The University of Edinburgh is hosting a digital collection day to collect stories from the Second World War as part of Their Finest Hour initiative.
The nationwide project, which is being held in partnership with the University of Oxford, aims to preserve stories fading from living memory by recording them in a digital archive.
Fiona Hendrie works at Edinburgh University and has been looking out old pictures of her grandfather ahead of collection day.
She will be interviewed by a volunteer who will ask about her grandfather’s involvement in the war.
Fiona said: “I didn’t actually know my grandfather, he passed away before I was born, so I’ve learnt about his experiences during the war through my auntie and my dad, so it’s been really interesting to pull all the old photo albums out.
“He was a train painter by trade and he was conscripted into the RAF and sent down to join 617 squadron, who then became more commonly known as the Dam Busters.
“As a train painter he was ground crew and his title was a plane fitter. He had quite an artistic flair so one of the things he did was paint the nose cones of the planes with cartoons to represent the pilots who were flying them.”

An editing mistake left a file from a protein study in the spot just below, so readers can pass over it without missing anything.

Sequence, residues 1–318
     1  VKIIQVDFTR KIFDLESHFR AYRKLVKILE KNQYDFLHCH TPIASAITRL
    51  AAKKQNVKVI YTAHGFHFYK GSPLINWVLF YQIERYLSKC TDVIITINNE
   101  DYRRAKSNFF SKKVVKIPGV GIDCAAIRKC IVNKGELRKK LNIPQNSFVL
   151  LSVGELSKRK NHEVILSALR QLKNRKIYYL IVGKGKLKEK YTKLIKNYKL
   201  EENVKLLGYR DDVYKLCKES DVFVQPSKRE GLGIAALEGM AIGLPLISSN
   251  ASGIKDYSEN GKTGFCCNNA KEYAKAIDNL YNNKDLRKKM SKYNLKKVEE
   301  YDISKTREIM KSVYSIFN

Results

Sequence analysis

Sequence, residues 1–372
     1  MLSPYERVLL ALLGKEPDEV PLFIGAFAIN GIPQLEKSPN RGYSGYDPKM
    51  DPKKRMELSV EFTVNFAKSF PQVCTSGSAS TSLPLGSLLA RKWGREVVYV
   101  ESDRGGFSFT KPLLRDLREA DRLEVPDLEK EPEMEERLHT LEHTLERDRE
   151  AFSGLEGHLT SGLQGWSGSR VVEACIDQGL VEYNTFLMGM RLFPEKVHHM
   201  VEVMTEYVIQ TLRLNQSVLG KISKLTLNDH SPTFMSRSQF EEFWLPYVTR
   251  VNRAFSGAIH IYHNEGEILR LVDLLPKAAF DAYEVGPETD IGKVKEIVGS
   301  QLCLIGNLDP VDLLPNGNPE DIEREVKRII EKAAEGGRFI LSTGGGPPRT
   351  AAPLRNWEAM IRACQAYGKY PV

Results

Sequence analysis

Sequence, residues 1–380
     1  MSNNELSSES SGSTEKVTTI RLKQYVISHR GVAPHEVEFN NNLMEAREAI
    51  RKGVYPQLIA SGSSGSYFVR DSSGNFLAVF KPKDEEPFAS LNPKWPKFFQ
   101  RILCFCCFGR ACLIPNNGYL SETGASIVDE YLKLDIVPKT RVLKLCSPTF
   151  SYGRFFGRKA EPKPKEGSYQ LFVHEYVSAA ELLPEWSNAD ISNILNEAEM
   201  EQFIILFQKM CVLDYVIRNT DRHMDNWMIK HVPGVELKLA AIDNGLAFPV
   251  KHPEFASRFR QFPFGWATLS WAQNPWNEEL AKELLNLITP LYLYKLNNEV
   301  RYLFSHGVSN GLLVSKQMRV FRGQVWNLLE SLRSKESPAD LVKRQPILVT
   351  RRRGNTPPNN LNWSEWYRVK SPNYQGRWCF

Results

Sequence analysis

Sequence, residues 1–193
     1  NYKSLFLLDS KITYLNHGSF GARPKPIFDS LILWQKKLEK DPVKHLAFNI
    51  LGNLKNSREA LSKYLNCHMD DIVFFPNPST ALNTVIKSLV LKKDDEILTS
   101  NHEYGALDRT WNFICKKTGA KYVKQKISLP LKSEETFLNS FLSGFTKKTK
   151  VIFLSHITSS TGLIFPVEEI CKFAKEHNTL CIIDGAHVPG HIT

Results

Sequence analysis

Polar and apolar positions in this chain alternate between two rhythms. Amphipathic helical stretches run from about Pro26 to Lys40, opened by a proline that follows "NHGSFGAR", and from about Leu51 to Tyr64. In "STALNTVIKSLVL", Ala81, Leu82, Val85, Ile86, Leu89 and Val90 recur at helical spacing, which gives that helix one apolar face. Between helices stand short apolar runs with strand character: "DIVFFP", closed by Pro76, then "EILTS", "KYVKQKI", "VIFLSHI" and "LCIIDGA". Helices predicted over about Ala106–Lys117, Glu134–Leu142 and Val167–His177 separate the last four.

As well as their memories, people are being encouraged to bring any artefacts they may have at home from the war, such as an old helmet, a ration book or even a can of dried eggs.
The Museums of Galleries Edinburgh have provided a memory box of artefacts for people to view on the day.
Events like the one at University of Edinburgh’s Rainy Hall are happening all across the country – with all of the information to be collated in a digital archive.
Eden Swimer, a fourth-year history student at the University of Edinburgh, said: “This will all go to the University of Oxford who are, from collection days across the country, going to compile everything into an archive and from next summer this archive will be uploaded and it’ll be free to access for anybody.”
Lorna Campbell, manager of Their Finest Hour collection day at the University of Edinburgh said: “We have a sort of fixed idea of what a historical event is – there’s the authorised version of history but that only ever tells half of the story and we really do believe that it’s important to collect everybody’s stories of their experience of these pivotal events in world history.
“So, it’s not just the stories of the service personnel’s who were on the front lines, it’s also the stories of the women who worked at home and what their experience of the war is.”
The University is keen for as many people as possible to come along on Saturday but those who can’t make it can also share their stories through Their Finest Hour website.
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